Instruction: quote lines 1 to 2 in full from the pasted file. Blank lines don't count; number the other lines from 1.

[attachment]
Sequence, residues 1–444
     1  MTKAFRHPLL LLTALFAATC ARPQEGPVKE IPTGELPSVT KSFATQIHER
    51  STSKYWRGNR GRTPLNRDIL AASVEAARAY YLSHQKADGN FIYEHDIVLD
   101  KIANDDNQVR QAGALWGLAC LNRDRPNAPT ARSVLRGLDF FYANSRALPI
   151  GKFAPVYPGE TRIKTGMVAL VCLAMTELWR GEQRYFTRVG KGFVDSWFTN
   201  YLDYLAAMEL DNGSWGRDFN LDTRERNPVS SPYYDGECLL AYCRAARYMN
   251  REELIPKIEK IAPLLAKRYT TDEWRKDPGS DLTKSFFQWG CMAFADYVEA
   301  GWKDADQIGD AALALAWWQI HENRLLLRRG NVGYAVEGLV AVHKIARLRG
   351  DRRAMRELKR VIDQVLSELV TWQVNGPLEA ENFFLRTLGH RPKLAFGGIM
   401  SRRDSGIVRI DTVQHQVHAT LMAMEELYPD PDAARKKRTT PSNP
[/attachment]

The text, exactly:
Sequence, residues 1–444
     1  MTKAFRHPLL LLTALFAATC ARPQEGPVKE IPTGELPSVT KSFATQIHER